CONNOR Sharpe's life changed in an instant, his dreams of a professional football career dashed due to a medical condition that would keep him off the field.
But thanks to the quick actions of his coach and advanced care paramedics, the 15-year-old still has a future in music.
Connor had just left the Brothers Leagues Club field when he collapsed and started seizing.
With a rapidly dropping pulse, his mother Wendy Sharpe frantically called the ambulance while his coach Jason Brookes acted on instinct and administered CPR.
That instinct saved Connor's life which meant he was able to thank his heroes at a reunion yesterday.
"I don't remember a thing," Connor said.
"I was going off for water, doing rugby training, then collapsed, seized and had a bit of a spasm.
"My lips and ears went blue."
Mrs Sharpe can recall every detail of the harrowing moment, having faced every parent's worst nightmare when she watched her son collapse last month.
"Everything was so fast (and) everyone says you're a hero but as a parent, your intuition kicks in and you just do it," she said.
As she called the Queensland Ambulance Service, Connor's coach Mr Brookes started CPR.
"I turned around and he was on his back so we flipped him over as a precaution and he started seizing," Mr Brookes said.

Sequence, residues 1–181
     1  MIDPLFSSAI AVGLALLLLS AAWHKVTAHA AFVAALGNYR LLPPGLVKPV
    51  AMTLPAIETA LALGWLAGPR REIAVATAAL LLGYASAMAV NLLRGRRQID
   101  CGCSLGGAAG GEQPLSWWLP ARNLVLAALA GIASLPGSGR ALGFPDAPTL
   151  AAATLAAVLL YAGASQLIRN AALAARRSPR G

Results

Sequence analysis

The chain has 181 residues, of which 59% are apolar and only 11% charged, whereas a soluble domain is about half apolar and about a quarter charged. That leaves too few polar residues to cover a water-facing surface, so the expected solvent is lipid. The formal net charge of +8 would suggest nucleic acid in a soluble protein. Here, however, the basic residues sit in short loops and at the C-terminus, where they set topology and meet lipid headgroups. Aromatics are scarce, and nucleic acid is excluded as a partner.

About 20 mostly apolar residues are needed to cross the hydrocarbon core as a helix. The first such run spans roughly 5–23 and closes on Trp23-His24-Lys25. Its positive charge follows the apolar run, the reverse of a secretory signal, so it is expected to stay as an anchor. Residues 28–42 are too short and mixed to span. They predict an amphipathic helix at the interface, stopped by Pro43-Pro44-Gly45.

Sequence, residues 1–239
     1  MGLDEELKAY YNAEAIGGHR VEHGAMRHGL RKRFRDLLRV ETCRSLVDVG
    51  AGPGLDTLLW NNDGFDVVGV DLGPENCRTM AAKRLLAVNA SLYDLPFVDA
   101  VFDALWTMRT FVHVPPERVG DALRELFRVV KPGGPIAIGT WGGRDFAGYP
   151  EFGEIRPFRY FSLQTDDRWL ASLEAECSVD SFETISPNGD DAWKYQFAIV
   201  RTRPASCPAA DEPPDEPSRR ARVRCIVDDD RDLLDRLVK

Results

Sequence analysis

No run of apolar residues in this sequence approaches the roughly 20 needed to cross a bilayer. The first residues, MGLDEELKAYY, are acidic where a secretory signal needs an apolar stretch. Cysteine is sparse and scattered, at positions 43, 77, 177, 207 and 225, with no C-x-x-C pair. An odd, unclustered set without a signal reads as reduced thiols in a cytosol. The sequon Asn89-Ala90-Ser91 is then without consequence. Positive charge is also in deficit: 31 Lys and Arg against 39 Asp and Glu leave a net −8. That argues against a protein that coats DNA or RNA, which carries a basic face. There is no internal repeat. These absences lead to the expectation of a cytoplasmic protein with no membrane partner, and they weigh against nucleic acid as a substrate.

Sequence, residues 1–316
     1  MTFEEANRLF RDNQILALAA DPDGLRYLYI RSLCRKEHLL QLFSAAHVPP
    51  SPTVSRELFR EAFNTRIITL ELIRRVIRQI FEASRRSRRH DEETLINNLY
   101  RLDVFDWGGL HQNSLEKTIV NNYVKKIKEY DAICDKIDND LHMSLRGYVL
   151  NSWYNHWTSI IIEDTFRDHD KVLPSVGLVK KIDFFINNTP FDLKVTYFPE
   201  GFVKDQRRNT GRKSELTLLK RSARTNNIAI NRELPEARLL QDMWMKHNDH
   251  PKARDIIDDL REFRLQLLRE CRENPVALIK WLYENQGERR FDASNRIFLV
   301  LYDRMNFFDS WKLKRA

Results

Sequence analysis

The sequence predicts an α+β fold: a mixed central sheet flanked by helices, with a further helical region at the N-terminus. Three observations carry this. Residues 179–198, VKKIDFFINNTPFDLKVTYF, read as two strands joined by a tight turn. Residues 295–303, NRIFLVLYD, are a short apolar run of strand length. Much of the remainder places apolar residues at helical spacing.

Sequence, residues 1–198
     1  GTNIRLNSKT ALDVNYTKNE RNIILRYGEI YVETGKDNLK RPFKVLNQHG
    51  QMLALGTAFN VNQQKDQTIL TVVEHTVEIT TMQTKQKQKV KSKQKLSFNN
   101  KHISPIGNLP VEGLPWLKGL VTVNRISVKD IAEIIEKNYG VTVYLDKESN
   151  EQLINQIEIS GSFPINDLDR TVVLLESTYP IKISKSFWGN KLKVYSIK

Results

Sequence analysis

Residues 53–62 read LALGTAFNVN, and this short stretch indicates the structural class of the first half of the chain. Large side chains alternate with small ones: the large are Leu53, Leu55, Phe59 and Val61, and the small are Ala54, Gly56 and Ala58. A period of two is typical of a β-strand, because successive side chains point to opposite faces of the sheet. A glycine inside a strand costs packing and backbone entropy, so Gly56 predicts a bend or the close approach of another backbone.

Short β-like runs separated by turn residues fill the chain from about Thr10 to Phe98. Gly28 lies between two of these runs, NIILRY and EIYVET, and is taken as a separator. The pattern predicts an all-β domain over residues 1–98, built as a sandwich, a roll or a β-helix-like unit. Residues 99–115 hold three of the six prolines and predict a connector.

"We started CPR and just kept going (with it)."
Advanced care paramedics Daniel Bibo and Sarah Williams arrived four minutes later.
Connor had gone into cardiac arrest and had to be defibrillated on the football grounds.
"It's not something that happens to a 15-year-old every day," Mr Bibo said.
"The fact they were able to do CPR on him is one of the biggest factors in why Connor is up and around walking."
Connor has since been diagnosed with hypertrophic cardiomyopathy, known as Athlete's Heart, which means his days of playing contact sports are over.
"As a player, Conner is a gun so unfortunately we lose a good player next year," Mr Brookes said.
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"He ended up our highest try scorer this year, and our best back.
"But all I really care about is that he's up and good and strong."
The incident changed Connor's life in more ways than one, but now he can look forward to a long career as a saxophonist having won an Empire Theatre Foundation bursary.
"It's a shame because it (sport) has basically been my whole life up until this point but, again, everything can change in the space of a second," he said.
But it's the message that everyone should learn CPR that he focused on yesterday when he reunited with Mr Brookes and the paramedics who saved his life.
"It (CPR) can change a person's life - you can be a hero," he said.
QAS acting Officer-in-Charge Derrick Scheuer urged everyone to take a CPR course.
"I encourage all community members to make the effort because they never know when their loved ones will need this procedure," he said.
Connor now has an implantable cardioverter-defibrillator in his chest which gives him a small shock if his pulse drops to a low point that could trigger another seizure.
"It was a terrifying three days when he was intubated in the coma because you're thinking so many things," Mrs Sharpe said.
"But there're no words that can explain (the relief).
"Once he started getting cranky at me, I thought 'yep, he's back to his usual self'."
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